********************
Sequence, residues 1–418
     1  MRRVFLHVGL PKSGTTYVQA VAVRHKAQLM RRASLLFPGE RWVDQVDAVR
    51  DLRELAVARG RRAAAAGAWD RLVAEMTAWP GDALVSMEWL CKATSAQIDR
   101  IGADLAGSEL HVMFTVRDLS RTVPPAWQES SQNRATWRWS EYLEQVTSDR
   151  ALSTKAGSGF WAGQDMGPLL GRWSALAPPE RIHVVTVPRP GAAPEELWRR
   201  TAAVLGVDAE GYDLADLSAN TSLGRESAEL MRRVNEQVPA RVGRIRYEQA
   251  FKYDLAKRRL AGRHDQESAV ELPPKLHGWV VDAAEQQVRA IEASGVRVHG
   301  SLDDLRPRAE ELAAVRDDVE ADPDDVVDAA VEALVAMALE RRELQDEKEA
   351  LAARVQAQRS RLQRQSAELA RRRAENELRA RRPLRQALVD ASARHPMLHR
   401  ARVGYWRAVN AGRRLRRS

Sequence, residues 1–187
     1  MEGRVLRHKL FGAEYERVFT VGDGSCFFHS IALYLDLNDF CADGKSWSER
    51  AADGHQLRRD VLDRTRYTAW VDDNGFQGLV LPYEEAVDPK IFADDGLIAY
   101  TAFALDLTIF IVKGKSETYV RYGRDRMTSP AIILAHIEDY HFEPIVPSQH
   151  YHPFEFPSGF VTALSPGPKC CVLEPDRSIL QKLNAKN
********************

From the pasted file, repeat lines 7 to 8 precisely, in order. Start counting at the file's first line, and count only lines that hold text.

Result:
   251  FKYDLAKRRL AGRHDQESAV ELPPKLHGWV VDAAEQQVRA IEASGVRVHG
   301  SLDDLRPRAE ELAAVRDDVE ADPDDVVDAA VEALVAMALE RRELQDEKEA